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Six theories on why the Cybertruck’s bulletproof glass cracked so easily

“Oh my f****** god” is exactly the reaction you’re looking for when you present a revolutionary new product at a keynote event. Ideally, though, you’re hoping it’ll be spoken in rapt admiration by members of the audience; not uttered in my-net-worth-is-flashing-before-my-eyes shock by the presenter (and CEO) after a large ball bearing has broken the armor glass window his new Cybertruck. Twice.

Unfortunately, that’s the situation Tesla CEO Elon Musk found himself in during last week’s Cybertruck unveiling. But why did this happen? Here are a few possible explanations.

Start with the windows, not the door

Remember the scene from The Dark Knight when Heath Ledger’s Joker advises Batman to never start an interrogation by hitting someone in the head because the victim gets all fuzzy? Well, when it comes to carrying out an on-stage stress test of a futuristic-looking pickup truck it seems that you should start with the window before hammering the door with a sledgehammer.

At least, that’s according to Elon Musk, who claims that the reason for the broken windows was that they had already been damaged by the sledgehammer attack on the cybertruck’s door prior to having a ball bearing thrown at them.

“Sledgehammer impact on door cracked base of glass, which is why steel ball didn’t bounce off,” Musk tweeted. “Should have done steel ball on window, *then* sledgehammer the door. Next time…” This explanation would certainly explain why the windows held up fine against the ball bearing toss in rehearsals; presumably because they weren’t also being subjected to a sledgehammer assault.

Only the front windows were armor glass

Musk’s explanation makes a whole lot of sense. However, it doesn’t necessarily explain why the back window broke as well, even though only the front door panel sustained a sledgehammer battering.

A working theory here is that only the front window featured the armor glass. Tesla engineers weren’t expecting this window to be used as a demo and so didn’t install it. Musk was unaware of this and decided to use it as a backup. Needless to say, it didn’t go according to plan.

They threw the ball bearing too darn hard

People get excited when they’re up in front of a big crowd of fanboys and gals. The “throw the ball bearing at the window” test had been carried out at least five times before it was done in front of a crowd, apparently without breaking the window in the process.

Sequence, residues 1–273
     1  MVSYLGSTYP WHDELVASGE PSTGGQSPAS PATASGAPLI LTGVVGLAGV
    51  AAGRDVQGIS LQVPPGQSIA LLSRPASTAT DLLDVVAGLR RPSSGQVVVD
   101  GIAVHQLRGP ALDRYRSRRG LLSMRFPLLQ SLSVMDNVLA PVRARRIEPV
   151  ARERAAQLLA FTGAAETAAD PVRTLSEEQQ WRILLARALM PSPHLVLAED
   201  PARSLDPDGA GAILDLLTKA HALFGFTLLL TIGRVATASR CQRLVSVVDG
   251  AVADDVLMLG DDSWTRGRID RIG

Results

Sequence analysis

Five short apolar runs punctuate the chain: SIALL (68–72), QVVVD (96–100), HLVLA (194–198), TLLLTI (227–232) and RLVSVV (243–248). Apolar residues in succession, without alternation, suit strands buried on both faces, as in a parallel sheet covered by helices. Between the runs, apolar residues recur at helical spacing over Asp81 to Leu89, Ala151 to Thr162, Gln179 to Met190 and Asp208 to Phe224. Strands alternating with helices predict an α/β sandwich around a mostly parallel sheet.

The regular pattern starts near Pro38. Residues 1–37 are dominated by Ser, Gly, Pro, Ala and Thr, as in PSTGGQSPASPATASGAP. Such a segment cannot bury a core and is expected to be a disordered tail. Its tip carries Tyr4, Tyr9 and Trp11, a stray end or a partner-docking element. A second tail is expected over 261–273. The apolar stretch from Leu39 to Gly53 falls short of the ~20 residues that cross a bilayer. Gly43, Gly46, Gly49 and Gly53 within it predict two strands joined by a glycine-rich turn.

But the GIF that Elon Musk shared on Twitter looks to be a decidedly slower pitch (yes, even taking into account the slow motion) than the couple carried out during the live event. During the event, Musk even says, “maybe that was a little too hard.”

On one level, this theory isn’t a theory at all: It was obviously too hard for the windows to withstand. The question is whether it was too hard in isolation, or too hard because the windows had already been damaged.

That’s what bullet proof glass does

Bullets don’t endlessly ricochet off bullet proof glass the way they do in the movies. Traditional bullet proof glass does crack on impact, but only the top layers, stopping the projectile from passing through. During his presentation, Musk did note that the ball bearing “didn’t go through,” suggesting that this is the way the windows were supposed to work.

The problems with this theory, other than Musk’s disappointed reaction? Namely that this glass is not bulletproof. The bigger hole (no pun intended) in the suggestion is that Musk has seen released footage showing how the test was meant to go. Suffice to say, it wasn’t like this.

Shouldn’t have clamped it down

Don’t judge a book by its cover. And don’t judge a window’s strength by its drop test. This point, made by many people online, observes that, while the ball bearing drop test worked, this was not an accurate metric of how strong the glass actually was in situ. For the drop test, the glass was not fully clamped down. This allowed it a degree of trampoline-like flexibility. When the windows were fitted, they had far less ability to bounce with impact.

Tesla co-founder and CEO Elon Musk stands in front of the newly unveiled all-electric battery-powered Tesla's Cybertruck

One way to make them stronger would be to install small springs or shock absorbers, although this could detract from the sleek look of the vehicle. After all, how many times in day-to-day life do you have automotive engineers hurling metal balls at your vehicle? If it happens more than once or twice a year, you need to be asking yourself some tough questions.

It was all an ad for Tesla car insurance

“When life throws giant ball bearings at you, you need all the protection money can buy.” What could be a better ad for a future Elon Musk company than seeing one of the myriad hypothetical ways your fancy new Tesla could be damaged upon being driven from the showroom?

Okay, so it almost certainly isn’t actually a new line of Tesla insurance. But the idea that this could be a possible marketing stunt isn’t totally out of the question. After all, the amount of coverage a simple window break has gotten has exposed the Cybertruck to plenty of people who might otherwise not have heard of it at this point.

The impressive pre-order numbers cement the fact that, while there are no shortage of Cybertruck memes doing the rounds right now, it’s not putting people off buying it. As the man who released a music track to the late gorilla Harambi, Elon Musk has shown a mastery of memes that few in his position have. Coming a year after Musk smoked a joint on a podcast with Joe Rogan, setting up a window to “accidentally” break wouldn’t be the craziest thing Musk has ever done.

Luke Dormehl
I'm a UK-based tech writer covering Cool Tech at Digital Trends. I've also written for Fast Company, Wired, the Guardian…
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